Responsible for deliveries guaranteed by the company work in “illegal shifts” and the breaks are practically seen as a ‘luxury’, due to the workload to which they are subject.

© iStock
© iStock

It is not really new to say that Amazon’s employees are the hardest-working employees in their profession. Several complaints about the precarious conditions to which they are subject have already been made and now there is one more.

In addition to the number of hours worked per day, which often exceed established legal limits, The Independent claims that some of the employees, particularly those responsible for the physical delivery of orders, have even more difficult lives than the rest.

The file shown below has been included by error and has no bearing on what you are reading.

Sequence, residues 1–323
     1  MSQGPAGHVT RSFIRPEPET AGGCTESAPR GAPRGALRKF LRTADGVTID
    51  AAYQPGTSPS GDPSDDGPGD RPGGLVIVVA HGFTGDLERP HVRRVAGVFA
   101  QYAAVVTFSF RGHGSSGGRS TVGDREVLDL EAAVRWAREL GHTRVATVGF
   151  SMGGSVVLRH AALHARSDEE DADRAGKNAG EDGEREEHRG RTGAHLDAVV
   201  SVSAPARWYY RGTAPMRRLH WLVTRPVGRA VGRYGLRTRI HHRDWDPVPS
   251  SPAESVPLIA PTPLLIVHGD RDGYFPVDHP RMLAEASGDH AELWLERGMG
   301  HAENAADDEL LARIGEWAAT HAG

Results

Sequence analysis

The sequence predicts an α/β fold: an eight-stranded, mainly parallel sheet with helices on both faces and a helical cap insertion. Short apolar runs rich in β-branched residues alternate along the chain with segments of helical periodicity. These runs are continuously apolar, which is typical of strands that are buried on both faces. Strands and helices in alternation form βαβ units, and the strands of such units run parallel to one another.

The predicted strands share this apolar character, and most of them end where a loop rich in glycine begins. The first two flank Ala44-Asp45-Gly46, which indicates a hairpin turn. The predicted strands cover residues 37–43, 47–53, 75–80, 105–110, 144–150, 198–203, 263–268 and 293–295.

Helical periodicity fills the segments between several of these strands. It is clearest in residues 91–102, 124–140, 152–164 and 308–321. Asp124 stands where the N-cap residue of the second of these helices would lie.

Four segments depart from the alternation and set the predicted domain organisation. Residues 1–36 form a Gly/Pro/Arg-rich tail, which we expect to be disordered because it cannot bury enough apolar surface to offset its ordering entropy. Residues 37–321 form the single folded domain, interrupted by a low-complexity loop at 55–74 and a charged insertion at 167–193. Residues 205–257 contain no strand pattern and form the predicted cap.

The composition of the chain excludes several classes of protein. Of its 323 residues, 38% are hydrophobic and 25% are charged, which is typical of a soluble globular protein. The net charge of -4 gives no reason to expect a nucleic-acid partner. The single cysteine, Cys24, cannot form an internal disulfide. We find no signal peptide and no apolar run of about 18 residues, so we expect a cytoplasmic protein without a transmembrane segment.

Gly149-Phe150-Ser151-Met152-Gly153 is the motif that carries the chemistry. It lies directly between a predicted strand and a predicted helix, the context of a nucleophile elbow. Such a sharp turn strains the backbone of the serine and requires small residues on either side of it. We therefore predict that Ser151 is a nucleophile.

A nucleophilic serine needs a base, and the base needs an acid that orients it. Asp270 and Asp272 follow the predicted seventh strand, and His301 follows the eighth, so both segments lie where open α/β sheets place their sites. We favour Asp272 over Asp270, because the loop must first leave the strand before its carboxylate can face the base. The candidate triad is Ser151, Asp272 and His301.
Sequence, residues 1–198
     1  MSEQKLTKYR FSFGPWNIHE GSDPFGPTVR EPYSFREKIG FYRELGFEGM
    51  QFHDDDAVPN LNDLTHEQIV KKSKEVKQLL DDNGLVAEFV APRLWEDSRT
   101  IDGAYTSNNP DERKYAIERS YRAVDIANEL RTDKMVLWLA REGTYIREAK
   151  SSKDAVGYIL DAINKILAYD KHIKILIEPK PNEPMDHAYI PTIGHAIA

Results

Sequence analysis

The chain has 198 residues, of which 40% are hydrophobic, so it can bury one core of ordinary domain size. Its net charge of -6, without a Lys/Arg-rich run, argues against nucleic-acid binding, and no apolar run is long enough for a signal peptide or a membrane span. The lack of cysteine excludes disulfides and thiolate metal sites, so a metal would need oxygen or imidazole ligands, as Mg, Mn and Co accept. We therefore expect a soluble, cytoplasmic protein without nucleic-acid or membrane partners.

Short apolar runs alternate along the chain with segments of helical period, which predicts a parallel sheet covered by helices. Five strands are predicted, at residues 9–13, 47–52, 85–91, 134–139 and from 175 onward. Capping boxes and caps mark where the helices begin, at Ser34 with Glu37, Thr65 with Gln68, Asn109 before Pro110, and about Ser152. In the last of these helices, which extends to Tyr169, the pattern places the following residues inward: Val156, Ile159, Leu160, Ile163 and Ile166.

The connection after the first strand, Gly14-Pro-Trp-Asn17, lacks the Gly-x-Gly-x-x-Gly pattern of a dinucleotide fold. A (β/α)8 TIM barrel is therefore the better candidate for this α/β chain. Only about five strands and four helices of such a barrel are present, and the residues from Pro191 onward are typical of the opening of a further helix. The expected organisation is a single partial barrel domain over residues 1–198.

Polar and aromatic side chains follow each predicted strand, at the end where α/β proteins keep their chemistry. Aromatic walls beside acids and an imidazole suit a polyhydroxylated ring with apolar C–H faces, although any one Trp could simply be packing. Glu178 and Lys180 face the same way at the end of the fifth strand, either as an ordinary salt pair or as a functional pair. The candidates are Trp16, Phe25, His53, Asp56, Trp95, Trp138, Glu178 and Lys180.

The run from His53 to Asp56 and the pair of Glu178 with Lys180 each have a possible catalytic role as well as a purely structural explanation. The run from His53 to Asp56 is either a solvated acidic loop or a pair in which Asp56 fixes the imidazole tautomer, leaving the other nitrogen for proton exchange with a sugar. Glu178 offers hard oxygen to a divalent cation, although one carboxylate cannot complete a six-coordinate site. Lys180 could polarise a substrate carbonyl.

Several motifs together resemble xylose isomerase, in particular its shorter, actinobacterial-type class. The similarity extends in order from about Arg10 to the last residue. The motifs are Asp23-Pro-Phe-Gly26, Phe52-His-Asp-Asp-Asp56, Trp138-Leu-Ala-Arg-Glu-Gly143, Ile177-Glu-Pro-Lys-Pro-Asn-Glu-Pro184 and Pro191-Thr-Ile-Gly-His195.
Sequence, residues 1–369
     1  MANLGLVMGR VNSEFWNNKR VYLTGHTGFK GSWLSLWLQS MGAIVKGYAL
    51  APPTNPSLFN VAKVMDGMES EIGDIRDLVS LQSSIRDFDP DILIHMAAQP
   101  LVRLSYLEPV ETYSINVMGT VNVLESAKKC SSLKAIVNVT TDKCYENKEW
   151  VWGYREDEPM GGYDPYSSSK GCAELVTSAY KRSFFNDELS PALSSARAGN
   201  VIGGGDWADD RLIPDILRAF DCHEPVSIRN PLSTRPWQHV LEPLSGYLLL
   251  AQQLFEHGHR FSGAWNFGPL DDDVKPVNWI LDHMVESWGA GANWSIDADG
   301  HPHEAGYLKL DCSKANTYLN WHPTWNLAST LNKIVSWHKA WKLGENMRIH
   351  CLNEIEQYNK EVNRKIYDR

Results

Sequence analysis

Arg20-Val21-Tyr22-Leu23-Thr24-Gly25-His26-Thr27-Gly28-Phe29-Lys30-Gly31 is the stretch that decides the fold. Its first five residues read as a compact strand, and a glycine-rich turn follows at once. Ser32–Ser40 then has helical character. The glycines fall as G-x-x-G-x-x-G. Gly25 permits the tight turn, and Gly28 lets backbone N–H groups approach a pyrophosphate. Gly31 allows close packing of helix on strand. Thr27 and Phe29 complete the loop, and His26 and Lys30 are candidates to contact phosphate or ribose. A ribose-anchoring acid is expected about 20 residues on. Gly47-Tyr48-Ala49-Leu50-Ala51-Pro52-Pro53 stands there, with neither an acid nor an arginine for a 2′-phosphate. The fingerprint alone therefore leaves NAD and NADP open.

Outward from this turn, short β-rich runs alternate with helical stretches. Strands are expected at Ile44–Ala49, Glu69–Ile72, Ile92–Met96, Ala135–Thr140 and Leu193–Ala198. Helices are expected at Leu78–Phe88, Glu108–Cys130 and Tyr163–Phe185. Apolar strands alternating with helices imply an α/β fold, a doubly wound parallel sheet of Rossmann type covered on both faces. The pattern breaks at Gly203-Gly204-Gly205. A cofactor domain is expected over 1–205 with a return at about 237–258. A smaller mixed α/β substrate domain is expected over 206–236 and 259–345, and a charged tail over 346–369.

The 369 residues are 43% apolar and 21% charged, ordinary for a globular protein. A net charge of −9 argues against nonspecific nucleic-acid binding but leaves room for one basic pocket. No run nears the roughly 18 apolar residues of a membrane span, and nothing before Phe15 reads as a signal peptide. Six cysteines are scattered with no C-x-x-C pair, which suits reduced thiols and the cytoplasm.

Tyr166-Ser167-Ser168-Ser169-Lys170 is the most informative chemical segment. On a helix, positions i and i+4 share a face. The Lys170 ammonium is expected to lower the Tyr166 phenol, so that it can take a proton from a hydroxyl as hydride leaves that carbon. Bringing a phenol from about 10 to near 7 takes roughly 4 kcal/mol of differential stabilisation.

The British publication says that the drivers of the vans that distribute the orders are practically “forced to urinate and defecate in sacks” that they carry with them in the vehicles in order to save time. These workers, it should be noted, have a quota stipulated in 200 deliveries per day, which leads them, almost every day, to complete more than 11 hours of work.

However, the BBC does not deny the responsibility and the objectives that are imposed on these employees, but ensures that they are “duly rewarded” for the work they do.

This side of the story, however, is not subscribed by workers who, under the condition of anonymity, ensure that they take home a monetary reward per hour “less than the national minimum wage.”



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